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How should we look to diversify our investment portfolio?

Updated: Nov 25, 2021

By Ryan Lee


Disclaimer: Please note that the opinions expressed by the author in this article do not constitute financial advice and are solely for educational purposes only. When buying shares, the value of your investment may go down as well as up and you may get back less than you invest.


As 2021 begins to come to a close, we look back at the stock market and are faced with these facts. The S&P has had more than fifty new highs in 2021 alone and the Dow Jones Index has had dozens itself. With Robinhood and other mobile apps bringing the investing game to the fingertips of everyday consumers, it’s easy to assume many readers will have some skins in the game. But investing isn’t just about reading the first company that makes the headline on CNBC or hearing it from an uncle during a dinner conversation. Investors should understand how to regulate their risk exposure as well as create a sufficient plan to construct a well-balanced portfolio. Where should we begin?


Modern Portfolio Theory

The Modern Portfolio Theory addresses just that. It puts together a framework based on minimizing investment risk exposure to themselves, whilst maximizing the profit from investments. And in a market where no one holds a crystal ball to tell whether there is a bull run or a bear case, the best way to reduce risk is to diversify the portfolio.


A bit of history on The Modern Portfolio Theory.

Developed by Nobel-prized winner Harry Markowitz in 1990, this coding genius/ex-hedge fund president discovered that investors can arrange their investment portfolio in a way in which the combined portfolio risk is lower than the individual volatile stock within it.


A simple example

Say for example a young investor decides to invest $10,000 of his money. He invests half in an ice cream truck business, to take advantage of the sunny weather in the summer and half in an umbrella manufacturing business during the heavy rain seasons. The uncertainty of the weather determines the profit of each business (much similar to how the uncertainty of the market determines how our portfolios perform). Assume chances of sunny and rainy days every day are 50/50. Below is the table of how the investment returns for both businesses will hypothetically perform:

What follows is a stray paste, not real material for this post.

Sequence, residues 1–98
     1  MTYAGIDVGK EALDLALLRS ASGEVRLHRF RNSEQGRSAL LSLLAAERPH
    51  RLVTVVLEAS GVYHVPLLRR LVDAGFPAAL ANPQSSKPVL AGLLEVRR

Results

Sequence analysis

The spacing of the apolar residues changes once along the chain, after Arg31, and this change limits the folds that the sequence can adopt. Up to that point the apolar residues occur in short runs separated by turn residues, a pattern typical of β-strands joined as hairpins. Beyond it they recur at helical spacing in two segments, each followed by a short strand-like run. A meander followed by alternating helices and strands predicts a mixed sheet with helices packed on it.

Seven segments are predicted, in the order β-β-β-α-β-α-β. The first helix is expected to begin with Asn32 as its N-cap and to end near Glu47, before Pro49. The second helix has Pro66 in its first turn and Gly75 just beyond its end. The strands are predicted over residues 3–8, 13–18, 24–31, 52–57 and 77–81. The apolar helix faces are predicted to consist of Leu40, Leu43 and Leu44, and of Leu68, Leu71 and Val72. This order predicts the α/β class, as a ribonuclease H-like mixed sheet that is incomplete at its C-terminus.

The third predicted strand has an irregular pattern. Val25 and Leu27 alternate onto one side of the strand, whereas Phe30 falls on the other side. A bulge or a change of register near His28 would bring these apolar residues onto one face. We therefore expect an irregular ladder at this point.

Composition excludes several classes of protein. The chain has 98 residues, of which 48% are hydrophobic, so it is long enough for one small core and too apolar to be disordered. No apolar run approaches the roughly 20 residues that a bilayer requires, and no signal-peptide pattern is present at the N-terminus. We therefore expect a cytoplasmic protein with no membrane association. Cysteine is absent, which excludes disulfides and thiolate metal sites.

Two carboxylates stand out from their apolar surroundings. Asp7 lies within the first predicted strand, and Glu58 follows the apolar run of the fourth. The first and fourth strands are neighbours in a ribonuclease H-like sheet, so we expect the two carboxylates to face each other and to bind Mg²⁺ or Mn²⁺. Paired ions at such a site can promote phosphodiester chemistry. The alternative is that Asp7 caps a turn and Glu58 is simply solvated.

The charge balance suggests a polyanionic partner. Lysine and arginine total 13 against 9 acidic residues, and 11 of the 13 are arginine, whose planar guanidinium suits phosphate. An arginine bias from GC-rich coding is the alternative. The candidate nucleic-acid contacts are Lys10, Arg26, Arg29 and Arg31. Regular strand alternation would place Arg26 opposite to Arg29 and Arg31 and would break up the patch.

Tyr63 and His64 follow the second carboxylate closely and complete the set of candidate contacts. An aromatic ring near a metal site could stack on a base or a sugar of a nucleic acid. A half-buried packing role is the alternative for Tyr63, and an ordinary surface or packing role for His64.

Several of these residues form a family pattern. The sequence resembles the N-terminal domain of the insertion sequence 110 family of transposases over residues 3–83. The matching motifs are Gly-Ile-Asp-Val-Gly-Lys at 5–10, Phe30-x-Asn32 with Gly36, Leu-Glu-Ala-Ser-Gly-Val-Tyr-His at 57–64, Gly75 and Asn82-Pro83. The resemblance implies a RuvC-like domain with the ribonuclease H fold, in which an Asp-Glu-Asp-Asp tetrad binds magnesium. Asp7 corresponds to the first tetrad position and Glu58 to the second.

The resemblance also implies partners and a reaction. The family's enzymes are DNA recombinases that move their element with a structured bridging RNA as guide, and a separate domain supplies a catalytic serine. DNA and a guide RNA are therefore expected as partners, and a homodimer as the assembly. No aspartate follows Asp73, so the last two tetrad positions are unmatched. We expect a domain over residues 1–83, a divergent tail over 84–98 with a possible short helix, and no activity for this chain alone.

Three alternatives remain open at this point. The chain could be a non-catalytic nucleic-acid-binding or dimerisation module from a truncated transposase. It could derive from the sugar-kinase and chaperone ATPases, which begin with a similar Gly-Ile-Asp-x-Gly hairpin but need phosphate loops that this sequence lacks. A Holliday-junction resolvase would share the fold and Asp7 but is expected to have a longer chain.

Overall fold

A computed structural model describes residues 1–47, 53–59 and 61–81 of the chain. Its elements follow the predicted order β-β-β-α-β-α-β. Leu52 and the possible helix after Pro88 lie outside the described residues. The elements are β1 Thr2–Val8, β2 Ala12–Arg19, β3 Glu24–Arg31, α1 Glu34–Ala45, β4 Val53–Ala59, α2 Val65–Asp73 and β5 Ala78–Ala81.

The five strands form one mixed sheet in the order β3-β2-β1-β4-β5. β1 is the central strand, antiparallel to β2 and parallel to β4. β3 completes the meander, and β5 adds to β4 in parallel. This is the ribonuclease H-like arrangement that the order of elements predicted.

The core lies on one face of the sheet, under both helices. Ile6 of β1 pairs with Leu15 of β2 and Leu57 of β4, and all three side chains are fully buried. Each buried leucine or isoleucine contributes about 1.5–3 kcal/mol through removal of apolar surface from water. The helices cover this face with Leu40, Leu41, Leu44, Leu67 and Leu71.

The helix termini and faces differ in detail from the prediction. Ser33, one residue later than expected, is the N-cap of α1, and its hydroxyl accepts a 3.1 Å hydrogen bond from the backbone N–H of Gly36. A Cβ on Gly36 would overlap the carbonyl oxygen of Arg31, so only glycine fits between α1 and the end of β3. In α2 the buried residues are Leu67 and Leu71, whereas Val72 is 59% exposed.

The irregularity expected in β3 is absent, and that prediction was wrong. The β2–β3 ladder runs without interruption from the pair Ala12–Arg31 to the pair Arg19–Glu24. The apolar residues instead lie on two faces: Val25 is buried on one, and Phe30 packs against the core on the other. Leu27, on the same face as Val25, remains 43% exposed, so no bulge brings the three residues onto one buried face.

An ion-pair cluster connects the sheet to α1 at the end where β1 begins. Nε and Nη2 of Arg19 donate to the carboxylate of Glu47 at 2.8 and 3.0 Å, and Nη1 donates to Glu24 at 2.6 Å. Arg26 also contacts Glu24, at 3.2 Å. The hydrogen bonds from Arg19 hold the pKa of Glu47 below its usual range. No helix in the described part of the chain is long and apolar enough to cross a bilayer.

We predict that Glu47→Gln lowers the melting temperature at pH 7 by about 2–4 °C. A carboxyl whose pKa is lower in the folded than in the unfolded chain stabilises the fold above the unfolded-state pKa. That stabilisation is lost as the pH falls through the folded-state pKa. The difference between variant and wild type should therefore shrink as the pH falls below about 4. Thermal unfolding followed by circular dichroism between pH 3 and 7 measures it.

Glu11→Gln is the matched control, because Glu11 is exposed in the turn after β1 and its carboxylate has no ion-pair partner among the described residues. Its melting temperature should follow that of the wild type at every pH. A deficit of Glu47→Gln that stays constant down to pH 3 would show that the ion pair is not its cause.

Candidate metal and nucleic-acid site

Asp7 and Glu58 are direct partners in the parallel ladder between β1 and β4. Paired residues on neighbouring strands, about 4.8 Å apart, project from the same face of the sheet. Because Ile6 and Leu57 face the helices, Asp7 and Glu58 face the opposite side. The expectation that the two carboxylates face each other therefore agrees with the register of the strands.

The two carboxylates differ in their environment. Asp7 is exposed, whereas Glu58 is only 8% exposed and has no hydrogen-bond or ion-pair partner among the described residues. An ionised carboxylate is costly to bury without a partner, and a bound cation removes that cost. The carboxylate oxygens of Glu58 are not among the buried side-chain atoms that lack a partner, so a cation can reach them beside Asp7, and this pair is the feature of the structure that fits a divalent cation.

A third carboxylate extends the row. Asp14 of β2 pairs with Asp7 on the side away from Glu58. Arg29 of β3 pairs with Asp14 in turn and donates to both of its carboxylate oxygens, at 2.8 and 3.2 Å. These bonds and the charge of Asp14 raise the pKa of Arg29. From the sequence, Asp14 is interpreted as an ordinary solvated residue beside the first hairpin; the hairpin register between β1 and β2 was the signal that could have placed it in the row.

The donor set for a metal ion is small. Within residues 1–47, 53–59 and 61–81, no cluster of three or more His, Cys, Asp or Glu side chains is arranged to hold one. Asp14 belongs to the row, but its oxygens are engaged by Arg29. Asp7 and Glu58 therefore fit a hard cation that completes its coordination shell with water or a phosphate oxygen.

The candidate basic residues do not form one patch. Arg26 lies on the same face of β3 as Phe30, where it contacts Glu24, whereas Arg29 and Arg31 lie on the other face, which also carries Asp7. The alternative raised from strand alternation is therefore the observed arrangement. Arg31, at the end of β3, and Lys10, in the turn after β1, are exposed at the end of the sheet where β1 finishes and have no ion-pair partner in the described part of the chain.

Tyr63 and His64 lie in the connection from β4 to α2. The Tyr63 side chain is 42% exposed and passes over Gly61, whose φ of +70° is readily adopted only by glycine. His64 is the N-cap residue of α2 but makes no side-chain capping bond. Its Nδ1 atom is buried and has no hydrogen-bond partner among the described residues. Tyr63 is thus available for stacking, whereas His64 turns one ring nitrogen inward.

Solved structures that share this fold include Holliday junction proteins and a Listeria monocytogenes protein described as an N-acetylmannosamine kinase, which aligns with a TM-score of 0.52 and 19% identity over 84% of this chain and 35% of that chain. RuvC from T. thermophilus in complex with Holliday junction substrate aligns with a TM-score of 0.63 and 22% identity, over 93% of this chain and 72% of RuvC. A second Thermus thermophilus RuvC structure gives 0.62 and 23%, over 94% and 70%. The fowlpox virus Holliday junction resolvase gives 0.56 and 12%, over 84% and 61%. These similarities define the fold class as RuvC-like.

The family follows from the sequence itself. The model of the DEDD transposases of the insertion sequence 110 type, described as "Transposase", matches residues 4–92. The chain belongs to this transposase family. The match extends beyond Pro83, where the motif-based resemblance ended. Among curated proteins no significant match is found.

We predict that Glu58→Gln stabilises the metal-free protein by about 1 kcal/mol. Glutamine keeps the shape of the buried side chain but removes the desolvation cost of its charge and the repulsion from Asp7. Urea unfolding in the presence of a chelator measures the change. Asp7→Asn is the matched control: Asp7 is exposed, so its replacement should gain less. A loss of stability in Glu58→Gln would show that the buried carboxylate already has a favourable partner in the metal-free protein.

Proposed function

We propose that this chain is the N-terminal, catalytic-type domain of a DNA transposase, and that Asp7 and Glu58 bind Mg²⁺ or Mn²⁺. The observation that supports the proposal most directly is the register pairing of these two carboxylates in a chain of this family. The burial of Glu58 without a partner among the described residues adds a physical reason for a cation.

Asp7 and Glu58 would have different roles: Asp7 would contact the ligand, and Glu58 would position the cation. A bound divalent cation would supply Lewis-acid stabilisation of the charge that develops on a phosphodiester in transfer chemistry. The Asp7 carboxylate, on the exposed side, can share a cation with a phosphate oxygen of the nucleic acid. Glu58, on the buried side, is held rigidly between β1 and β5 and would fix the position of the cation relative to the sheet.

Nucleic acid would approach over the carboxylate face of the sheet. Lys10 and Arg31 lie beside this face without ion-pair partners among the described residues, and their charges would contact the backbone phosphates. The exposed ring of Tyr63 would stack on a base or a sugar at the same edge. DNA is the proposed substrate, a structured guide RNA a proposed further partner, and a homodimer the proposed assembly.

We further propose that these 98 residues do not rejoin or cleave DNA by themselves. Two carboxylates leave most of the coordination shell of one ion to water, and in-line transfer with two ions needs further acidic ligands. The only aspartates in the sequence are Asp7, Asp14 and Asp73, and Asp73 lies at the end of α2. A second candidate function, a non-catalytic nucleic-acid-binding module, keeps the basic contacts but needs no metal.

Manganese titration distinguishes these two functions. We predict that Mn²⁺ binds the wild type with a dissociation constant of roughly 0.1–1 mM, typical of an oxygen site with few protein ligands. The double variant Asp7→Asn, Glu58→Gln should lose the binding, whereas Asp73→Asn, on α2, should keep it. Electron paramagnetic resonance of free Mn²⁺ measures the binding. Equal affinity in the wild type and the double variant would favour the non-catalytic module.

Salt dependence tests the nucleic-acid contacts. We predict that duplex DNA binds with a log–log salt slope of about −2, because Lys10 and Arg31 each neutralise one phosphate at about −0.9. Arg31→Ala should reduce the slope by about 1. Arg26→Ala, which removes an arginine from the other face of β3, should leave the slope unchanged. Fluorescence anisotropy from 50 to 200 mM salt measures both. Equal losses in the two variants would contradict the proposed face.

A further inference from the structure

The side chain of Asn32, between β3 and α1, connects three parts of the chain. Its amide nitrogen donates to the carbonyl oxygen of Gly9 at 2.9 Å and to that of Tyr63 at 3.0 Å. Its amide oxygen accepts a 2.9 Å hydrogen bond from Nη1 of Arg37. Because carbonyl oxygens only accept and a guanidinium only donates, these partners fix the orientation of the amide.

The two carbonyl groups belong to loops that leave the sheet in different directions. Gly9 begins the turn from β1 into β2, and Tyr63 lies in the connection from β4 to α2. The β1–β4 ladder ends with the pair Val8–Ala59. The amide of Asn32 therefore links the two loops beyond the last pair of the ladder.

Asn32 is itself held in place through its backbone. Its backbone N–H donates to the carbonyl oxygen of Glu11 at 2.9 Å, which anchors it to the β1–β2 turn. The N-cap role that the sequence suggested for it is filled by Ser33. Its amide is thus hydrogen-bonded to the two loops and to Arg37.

On average this young investor would earn a fifty percent return on one business while losing twenty-five percent on another. Making this investor yield a twelve-point-five percent return in his entire portfolio ($11,250). $2500 - $1250 = $1250. This return would be the same whichever the weather is present on the day. This is the scenario of how a diversified investor can come up on top even though not all their investments are a winner on any given day.


This simple example of diversifying works due to the perfect negative relationship between the two companies. As long as two companies move inversely and not in parallel, equity diversification can mitigate a level of risk. The degree of risk reduction depends on :

A) The number of securities the risk is spread across and;

B) The statistical interdependence between returns of different investments.


To find the degree of relationship between two asset returns we can simply find the covariance of both assets using the probabilities of the independent event and the returns of both relative investments. The calculation below simulates the example used previously.


Where U = return from umbrella company Ū = average return of umbrella company

Where I = return from ice cream company Ī = average return of ice cream company

COV IU= Probability.rain (U - if rain Ū ) ( I - if rain Ī) + Probability.sunny ( U - if sunny Ū )( I - if sunny Ī )


However, individuals looking to use this simple trick to diversify their investments should note that there are many factors that can affect the profitability of an individual company, unlike the perfect scenario we were presented with.


Diversification in the real world

When we talk about diversifying our stock portfolio, it may not entail just investing in different sectors in our relative stock market. Instead, we can look to include a global economic mindset and diversify into other global indexes and stocks in foreign countries. The risk of investment into foreign economies can be beneficial to risk reduction as foreign economies do not move in parallel with the U.S. market.

However, some would argue that with globalization increasing the connectivity of countries and subsequently the correlation coefficient between the U.S. and the global economy, the effects of diversifying securities have a lesser impact on mitigating risks.



Concluding Thoughts

To conclude, even though globalization boosts the interconnectivity of people and subsequently the economies of many nations, diversifying portfolios can still offer investors major leverage on reducing risk exposure. And for many beginner investors, the companies that are on the stock markets are in the thousands. It may seem intimidating to pick a needle in the haystack. Therefore the general recommendation is to buy the haystack, which conveniently is offered as an Exchange Traded Fund (ETF) or a mutual fund that tracks the performance of many companies wrapped under one security